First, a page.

Rent Affordability in the USA (Visualization & Tutorial Part 1)

My previous post was my first dive into examining rent affordability for Minimum Wage (MW) earners in Texas leveraging D3.js and data from the Census. One of my next steps was to expand the example to every county within the USA and this is the resulting visualization (give the page a bit of time to load all of the map data - grey space indicates missing data from the Census)

Eventually, I will throw the data into Python and analyze it from a different perspective than just a visualization. For now, I wanted to provide an overview of the work & code that went into creating this d3.js map.

Retrieving and Cleansing the Data

There are three main datasets used in this viz.

  • The TopoJSON to create the map w/ all USA counties
  • The gross rent of every county used to calculate the "heat"/color of that county
  • Minimum Wage of every state (which will be combined into the dataset above)

Straight from the creator, TopoJSON is, "an extension of GeoJSON that encodes topology. Rather than representing geometries discretely, geometries in TopoJSON files are stitched together from shared line segments called arcs." The Census Bureau includes Shapefiles for pretty much any kind of map your heart desires - from which you can convert to GeoJSON and then reduce to TopoJSON, but the county JSON was already available on GitHub so I pulled it from there.

The United States Census Bureau website provides the American Fact Finder to easily find data collected from the Census. I used the "Guided Search" of the Fact Finder to look for "information about housing", selected the "Gross Rent" financial characteristic and then limited my data to "All Counties within the United States." After some table manipulation like removing the margin of error columns and pivoting, I exported the dataset as a CSV.

The TopoJSON file is good to go and no further editing is needed. The Census rent dataset we downloaded has a little while to go and we will need to write some Python code to scrape the minimum wage of each state to eventually merge into the Census rent data.

Let's start with finding the minimum wage of every state. I found this site with a table of every state and their corresponding minimum wage. The BeautifulSoup Python library is excellent for scraping data from the web. I've put the code I used to scrape the minimum wage table in an iPython notebook you can find here.

Now for the Census Gross Rent CSV file - the columns we want are the following:

  • FIPS Code (unique ID of a county - used to link to TopoJSON id)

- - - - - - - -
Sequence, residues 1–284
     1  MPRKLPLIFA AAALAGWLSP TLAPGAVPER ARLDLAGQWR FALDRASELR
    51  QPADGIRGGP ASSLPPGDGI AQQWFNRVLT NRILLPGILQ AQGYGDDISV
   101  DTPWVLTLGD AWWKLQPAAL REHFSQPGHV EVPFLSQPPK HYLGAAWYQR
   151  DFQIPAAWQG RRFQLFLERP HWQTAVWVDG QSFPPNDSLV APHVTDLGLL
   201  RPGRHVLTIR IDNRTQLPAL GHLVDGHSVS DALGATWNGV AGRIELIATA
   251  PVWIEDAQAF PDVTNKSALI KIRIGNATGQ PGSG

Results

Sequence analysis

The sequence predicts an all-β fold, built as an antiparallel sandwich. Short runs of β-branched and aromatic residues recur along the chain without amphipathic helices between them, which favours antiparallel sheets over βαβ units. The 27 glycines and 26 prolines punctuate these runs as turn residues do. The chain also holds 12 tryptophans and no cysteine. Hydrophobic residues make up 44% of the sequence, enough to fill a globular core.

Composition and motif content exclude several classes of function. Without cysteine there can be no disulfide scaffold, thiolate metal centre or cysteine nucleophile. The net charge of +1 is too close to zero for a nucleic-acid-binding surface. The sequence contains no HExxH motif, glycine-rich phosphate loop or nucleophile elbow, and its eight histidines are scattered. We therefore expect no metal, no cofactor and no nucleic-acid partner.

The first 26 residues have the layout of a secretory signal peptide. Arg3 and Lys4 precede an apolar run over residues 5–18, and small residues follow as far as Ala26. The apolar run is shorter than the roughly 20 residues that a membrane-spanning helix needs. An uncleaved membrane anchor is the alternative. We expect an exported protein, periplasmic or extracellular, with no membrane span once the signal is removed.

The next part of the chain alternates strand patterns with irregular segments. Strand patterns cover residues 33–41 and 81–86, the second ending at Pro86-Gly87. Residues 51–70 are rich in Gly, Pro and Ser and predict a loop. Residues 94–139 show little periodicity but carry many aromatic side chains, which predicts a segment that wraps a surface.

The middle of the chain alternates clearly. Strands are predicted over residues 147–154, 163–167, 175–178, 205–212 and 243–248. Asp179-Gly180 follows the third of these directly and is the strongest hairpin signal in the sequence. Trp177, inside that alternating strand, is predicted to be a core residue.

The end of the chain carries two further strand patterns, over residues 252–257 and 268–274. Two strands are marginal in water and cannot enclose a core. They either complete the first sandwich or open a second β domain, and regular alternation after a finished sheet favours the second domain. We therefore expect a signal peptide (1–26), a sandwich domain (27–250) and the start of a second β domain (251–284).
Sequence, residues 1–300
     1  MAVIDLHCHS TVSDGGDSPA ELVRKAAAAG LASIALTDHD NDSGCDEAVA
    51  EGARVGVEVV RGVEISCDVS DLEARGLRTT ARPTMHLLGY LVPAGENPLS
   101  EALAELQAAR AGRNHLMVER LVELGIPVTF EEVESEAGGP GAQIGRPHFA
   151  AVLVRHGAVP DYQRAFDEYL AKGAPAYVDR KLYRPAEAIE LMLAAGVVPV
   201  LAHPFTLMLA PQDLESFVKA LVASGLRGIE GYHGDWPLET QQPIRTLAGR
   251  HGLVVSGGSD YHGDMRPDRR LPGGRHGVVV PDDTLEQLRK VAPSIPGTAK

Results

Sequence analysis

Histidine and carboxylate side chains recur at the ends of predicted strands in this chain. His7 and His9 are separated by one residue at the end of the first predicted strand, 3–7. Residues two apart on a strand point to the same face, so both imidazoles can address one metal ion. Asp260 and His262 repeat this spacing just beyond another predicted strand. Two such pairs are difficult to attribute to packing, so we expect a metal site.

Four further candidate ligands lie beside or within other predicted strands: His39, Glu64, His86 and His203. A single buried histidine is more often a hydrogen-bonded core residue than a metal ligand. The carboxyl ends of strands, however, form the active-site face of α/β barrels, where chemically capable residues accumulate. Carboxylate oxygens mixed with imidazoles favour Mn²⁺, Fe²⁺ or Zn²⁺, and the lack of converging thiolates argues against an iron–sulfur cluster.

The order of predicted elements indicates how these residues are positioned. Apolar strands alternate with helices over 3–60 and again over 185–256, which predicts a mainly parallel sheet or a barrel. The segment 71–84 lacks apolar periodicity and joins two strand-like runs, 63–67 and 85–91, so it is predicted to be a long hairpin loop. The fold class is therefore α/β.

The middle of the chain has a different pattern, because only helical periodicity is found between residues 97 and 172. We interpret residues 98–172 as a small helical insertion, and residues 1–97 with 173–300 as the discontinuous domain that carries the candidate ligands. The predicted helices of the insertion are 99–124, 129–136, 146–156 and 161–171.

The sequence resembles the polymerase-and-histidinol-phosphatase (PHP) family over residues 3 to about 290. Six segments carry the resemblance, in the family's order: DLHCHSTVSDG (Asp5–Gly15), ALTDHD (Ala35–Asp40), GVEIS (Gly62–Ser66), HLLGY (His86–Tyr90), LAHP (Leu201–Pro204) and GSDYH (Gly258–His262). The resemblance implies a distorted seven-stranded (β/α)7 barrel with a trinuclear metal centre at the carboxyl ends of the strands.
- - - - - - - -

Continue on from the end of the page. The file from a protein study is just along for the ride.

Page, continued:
• County Name
  • State Name (used to match to the web scraped minimum wage data)
  • 2 Bedroom Gross Rent
  • Gross Minimum Wage (MW) Hourly Rate
  • Gross MW Monthly
  • 2 Bedroom as Percent of Income

All you will see from the imported Census file is the FIPs, County Name, and 2BR Gross Rent information so go ahead and add the additional columns and we will walk through how to derive them a little later. Once the Census data is imported, create a new sheet and import the Python web-scraped data. Since the Python minimum wage data is based upon the State name, we will want to use this as our join key between the two Excel sheets and pull the minimum wage per hour figure.

In the Census Rent Data sheet, you will see the name of the state succeeds the county name after a comma/"," character. Therefore, in the State column of the first sheet, apply a function to grab everything to the right of the comma, trim any whitespace, and capitalize every character (to match the state on the second sheet):


After applying the formula, your State column should look like the following:


Ok, so now we have our Census rent data on one sheet, our MW data on a second sheet, and our key column of State. Let's create a VLOOKUP function to join on State name across each sheet and pull the hourly wage value. Select the first cell in the "Gross MW Hourly" column. Insert a function and mimic the following options for the VLOOKUP:

  • Lookup Value - The join Key, "State" in our case which falls in my F2 intersection.
  • Table Array - The sheet and range of data to search through for the key - the web-scraped data sheet (don't highlight any header rows when selecting the table array area.)
  • Col Index Number - the column number of the data to pull into the target column once a join match is found - I want the second column's value on my second sheet.
  • Range Lookup - you can leave this blank for this example but this option focuses on exact vs accurate matching and other options.

You should now see $7.25 in your MW Hourly column next to Alabama. You can now populate the Monthly MW Income for each record by multiplying the MW Hourly column (Hourly Wage * 40hrs * 4 weeks). You can also calculate the percentage of income of a 2 bedroom rental for each county (2 Bedroom Gross Rent / MW Monthly Income) * 100

Alright, our Rental data CSV dataset is ready to be loaded into D3! Part 2 will cover creating the visualization with the datasets we have worked with here.

Rachel Rinaldi

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San Antonio, TX